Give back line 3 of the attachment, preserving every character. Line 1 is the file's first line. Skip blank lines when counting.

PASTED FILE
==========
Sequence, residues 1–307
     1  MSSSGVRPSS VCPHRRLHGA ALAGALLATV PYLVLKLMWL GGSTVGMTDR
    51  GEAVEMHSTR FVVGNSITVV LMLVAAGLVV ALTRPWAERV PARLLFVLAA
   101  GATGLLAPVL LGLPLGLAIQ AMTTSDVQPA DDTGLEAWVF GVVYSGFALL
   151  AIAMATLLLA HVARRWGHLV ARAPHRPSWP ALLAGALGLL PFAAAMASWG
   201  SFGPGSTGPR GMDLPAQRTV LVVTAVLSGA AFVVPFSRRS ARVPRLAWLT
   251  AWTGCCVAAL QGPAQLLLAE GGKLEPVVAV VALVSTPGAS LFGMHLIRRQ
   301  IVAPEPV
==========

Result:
    51  GEAVEMHSTR FVVGNSITVV LMLVAAGLVV ALTRPWAERV PARLLFVLAA